Anuvia’s innovative technology reclaims organic waste materials, such as food scraps, which are processed into homogenous multi-nutrient, enhanced-efficiency, slow-release plant nutrient products that help protect the environment, improve soil health, and support plant growth. The manufacturing process significantly reduces Anuvia’s carbon footprint by producing four times less CO2 emissions than conventional fertilizers.
The fertilizer technology is based on a novel slow-release delivery system called the Organic MaTRX™, a delivery system that mimics what happens to organic matter in the soil. It returns up to 16 percent organic matter to the soil.
This technology represents an ideal circular economy addressing the three pillars of sustainability. Social: this technology is a new, clean, and efficient way to recycle organic waste, producing a pound of fertilizer from a pound of waste in a closed loop process. Environmental: nutrient loss is reduced, thereby protecting our watersheds. Net greenhouse gas emissions are reduced in the process and in application. Economic: these products contribute to efficient clean food production by putting value back into organic waste materials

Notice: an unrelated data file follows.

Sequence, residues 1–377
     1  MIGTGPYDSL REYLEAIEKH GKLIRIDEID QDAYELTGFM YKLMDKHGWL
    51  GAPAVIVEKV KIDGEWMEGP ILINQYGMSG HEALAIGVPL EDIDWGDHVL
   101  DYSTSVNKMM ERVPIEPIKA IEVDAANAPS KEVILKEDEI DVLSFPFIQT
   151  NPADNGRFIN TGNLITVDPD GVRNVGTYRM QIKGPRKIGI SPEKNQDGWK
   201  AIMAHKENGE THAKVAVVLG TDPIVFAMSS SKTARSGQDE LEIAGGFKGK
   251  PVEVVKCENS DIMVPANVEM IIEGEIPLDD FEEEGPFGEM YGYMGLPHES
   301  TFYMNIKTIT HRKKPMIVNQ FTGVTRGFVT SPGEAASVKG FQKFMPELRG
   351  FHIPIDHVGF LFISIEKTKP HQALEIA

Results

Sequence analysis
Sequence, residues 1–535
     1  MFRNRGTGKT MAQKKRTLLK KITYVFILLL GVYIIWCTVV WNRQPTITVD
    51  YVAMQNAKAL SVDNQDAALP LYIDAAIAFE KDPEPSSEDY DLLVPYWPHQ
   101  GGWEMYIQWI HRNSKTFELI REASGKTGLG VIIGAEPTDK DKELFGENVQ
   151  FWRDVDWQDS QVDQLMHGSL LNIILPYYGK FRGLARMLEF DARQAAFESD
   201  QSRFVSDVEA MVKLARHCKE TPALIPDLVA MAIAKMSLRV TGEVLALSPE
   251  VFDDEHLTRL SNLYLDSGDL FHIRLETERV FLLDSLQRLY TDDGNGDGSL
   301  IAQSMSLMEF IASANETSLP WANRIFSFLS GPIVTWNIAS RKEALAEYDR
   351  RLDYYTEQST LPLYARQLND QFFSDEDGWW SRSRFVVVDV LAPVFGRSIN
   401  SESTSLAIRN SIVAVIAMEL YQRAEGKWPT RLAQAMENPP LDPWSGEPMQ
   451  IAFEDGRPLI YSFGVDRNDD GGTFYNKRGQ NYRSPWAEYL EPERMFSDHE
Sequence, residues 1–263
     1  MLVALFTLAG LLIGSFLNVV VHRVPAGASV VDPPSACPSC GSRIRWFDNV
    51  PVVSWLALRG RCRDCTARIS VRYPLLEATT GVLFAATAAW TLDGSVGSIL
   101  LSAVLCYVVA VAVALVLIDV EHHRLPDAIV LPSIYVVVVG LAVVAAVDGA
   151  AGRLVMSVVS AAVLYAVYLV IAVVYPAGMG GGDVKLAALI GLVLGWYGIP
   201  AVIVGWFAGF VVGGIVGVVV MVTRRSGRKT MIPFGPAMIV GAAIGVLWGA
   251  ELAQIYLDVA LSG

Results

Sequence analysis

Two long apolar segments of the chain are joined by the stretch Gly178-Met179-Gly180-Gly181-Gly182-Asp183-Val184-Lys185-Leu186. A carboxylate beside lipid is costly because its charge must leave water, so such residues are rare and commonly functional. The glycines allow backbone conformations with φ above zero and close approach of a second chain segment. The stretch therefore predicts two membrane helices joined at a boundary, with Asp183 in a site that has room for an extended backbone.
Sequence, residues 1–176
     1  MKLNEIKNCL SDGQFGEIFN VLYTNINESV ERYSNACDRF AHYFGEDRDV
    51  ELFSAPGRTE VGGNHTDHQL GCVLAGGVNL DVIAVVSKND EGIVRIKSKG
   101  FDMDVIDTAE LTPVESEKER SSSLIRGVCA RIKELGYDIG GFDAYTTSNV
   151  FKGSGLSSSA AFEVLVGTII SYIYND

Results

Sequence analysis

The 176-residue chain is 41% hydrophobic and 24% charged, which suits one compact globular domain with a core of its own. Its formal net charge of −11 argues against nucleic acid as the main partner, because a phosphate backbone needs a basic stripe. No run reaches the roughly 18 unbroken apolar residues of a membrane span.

The production of fertilizer requires energy, either in the form of natural gas or other fuels, electricity, or steam. As part of their sustainability efforts to reduce their energy footprint, fertilizer manufacturers cogenerate energy or use other low-impact energy sources, such as solar or steam from waste heat.
This report captures energy consumption and intensity. To help illustrate the magnitude of energy consumed and types of energy used in the industry, participating companies provided data for direct and indirect energy use. Direct energy use is either total fossil fuel consumption or a breakdown of the individual fuels used (diesel, propane, fuel oil, natural gas). Indirect energy use is reported as the electricity use generated offsite and purchased steam use.
Participating companies reported using 11.3 gigajoules (GJ) of energy per ton of fertilizer produced.
During the fertilizer production process, heat is generated, captured, and used as thermal energy for heating and electricity generation. In 2017, companies reported capturing 101.8 million GJ of waste heat. This is equivalent to 51 percent of the total energy use reported by all participating producers. From this waste heat, companies were able to generate 2.3 billion kilowatt hours of electricity from the capture and reuse of this waste heat. This is energy that manufacturers would otherwise have to purchase or supply by fuel combustion.